Something reminded me yesterday of the classic skit the late Chris Farley did with Paul McCartney on Saturday Night Live in the early ’90s. Do you remember Farley’s petrified “Do you remember when you were in the Beatles” nervous interviewer guy? It’s awesome . . .

Anyway, whatever the trigger was, it flashed me back to one of the worst Nervous Chris Farley moments I foisted upon myself back in the former day. There weren’t many, or else I couldn’t have done the sports writer thing for so long, interviewing some of that world’s biggest personalities. But I remember this one frozen moment, because as soon as it happened, I nearly dropped the phone to punch myself in the head and pull my hair, cursing my hopeless stupidity. nervous

The object of my vapors? Another sports columnist — turned best-selling author — Mitch Albom. Go figure.

I know, I can’t figure it. But although this was maybe 10 years ago, I do remember Albom was in the middle of a hectic book tour, which was bringing him to Norfolk in a few days, and his people were squeezing me in for a few minutes on the phone from some radio studio somewhere before he went on the air.

So I felt rushed, on top of already being on edge because I was an admitted fan-boy. Albom’s sports columns in Detroit were hardly everybody’s cup of chai — cloying and homerish were two constant criticisms in the biz. Still, he was acclaimed enough to also constantly win best metro sports columnist in the annual Associated Press Sports Editors contest. And I was in his tank, on board with his conversational style and his creative approaches. Few in major markets seemed to be going at columns in fresh ways like Albom. Never mind my later indifference to his formulaic but huge-selling books, although I thought “Tuesdays with Morrie” worked pretty well. The point was, I wanted to write columns like he did and wasn’t necessarily succeeding.

I had my list of questions about his latest book and his career, and I guess it was going OK for a couple of minutes despite my discomfort. But then it struck me as a good idea to stray off-topic and express my admiration for his sports writing, which is where my inner Farley reared its head. I immediately heard myself babbling as I tried to make a connection, columnist to columnist, that really wasn’t there. Words unspooled from my mouth like paper towels off a spindle. Somehow, as I tried to right the ship, I went to my long-ago memory of a series of great pieces Albom had written on the Iditarod dog-sled race in Alaska. But the best I could do was, “Uh, so, do you remember when, uh, you wrote that series on the Iditarod in Alaska? It was awesome . . . ”

I give Albom, pressed for time as he was, credit to this day for not calling me an imbecile and slamming down the phone for injecting such nonsense into his day: “Um, no. Why would I ever remember flying in a bush plane for days over Alaskan tundra following sled dogs . . . ”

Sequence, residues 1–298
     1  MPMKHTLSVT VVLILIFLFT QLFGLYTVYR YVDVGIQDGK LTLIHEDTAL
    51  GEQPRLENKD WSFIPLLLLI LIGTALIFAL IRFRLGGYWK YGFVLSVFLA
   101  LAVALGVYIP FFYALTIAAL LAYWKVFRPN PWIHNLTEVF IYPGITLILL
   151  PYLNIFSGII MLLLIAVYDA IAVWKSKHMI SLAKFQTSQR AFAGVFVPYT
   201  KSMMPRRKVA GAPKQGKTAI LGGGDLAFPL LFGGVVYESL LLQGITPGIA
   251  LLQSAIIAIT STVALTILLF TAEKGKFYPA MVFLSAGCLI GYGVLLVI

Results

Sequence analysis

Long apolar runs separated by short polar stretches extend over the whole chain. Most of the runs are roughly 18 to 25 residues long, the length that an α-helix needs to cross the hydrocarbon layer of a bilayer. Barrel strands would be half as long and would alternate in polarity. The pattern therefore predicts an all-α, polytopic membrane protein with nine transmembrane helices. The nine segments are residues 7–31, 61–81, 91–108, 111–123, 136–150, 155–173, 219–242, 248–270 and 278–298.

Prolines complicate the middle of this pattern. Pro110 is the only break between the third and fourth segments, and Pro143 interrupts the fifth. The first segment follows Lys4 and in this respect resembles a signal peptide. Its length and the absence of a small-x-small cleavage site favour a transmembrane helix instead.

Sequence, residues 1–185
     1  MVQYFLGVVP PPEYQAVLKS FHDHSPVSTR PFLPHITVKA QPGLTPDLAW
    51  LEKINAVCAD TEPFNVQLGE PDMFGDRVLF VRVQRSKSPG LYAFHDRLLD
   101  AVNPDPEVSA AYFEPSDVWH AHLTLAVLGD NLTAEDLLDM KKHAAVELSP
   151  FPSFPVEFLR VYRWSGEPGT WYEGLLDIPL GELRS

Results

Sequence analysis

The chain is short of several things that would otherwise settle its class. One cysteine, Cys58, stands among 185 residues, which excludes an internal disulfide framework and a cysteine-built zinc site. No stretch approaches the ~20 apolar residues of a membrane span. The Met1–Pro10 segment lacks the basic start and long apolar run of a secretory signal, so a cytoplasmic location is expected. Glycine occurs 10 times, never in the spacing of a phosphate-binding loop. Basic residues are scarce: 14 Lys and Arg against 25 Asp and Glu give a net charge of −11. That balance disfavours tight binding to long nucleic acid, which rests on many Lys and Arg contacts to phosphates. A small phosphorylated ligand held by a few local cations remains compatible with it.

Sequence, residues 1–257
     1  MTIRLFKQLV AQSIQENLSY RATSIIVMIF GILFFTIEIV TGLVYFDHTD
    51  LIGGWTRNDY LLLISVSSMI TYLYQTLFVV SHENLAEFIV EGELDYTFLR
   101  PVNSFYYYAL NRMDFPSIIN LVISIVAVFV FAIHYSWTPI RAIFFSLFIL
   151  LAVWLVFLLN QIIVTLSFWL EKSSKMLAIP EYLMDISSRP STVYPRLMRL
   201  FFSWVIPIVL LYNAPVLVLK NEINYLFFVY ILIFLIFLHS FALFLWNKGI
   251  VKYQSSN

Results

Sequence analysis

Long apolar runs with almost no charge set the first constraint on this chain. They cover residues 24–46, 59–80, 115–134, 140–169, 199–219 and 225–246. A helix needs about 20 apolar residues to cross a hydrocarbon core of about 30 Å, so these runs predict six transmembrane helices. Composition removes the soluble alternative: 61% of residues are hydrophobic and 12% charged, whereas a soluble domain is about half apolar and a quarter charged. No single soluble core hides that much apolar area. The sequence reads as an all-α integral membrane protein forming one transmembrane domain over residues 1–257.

“Sure,” I think he helpfully responded, but I can’t be sure of what words came next or for how long we “talked” from there, because my mind was busy plotting which window ledge I was going to leap from.

Whatever I eventually wound up writing, Albom saw it when he came to the Naro in Norfolk for his book-signing. Because I truly have no shame, I dropped by at the end of the signing to say hello.  And rushed but gracious again, Albom said something along the lines of, “Wow, you have a big audience. Lots of people have brought your column here tonight.”

Thanking him, I wandered off knowing Albom had just patted me on the arm — McCartney consoling the crestfallen Farley — and said, “No, Tom, you did fine.”


Take it Easy, I’m back …

Evidently, nothing happened in history, and I had no random thoughts, over the last two weeks of radio silence.

What can I say, I got busy, and it snowed and stuff.

But I just checked in with my historic history sources and discovered that on this day in 1936, the first inductees to the National Baseball Hall of Fame and Museum in Cooperstown, N.Y. were elected. (They were announced Feb. 2. Nitpicking.)cooper


I am no hall of fame scholar, but I do know that the myth created and perpetuated by the founders and keepers of the baseball shrine – in the then-economically impaired village of Cooperstown, for crying out loud – is a monument to American enterprise, ingenuity and imagination.

That is to say, you do realize the tale of Civil War stalwart Abner Doubleday somehow inventing baseball in the bucolic meadows of Cooperstown is as tall as it is fanciful as it is fake.

Nonetheless, the notion of the privately founded and operated hall took. The first players were elected in 1936 and the building was dedicated June 12, 1939, when four classes – 11 players in all – were inducted.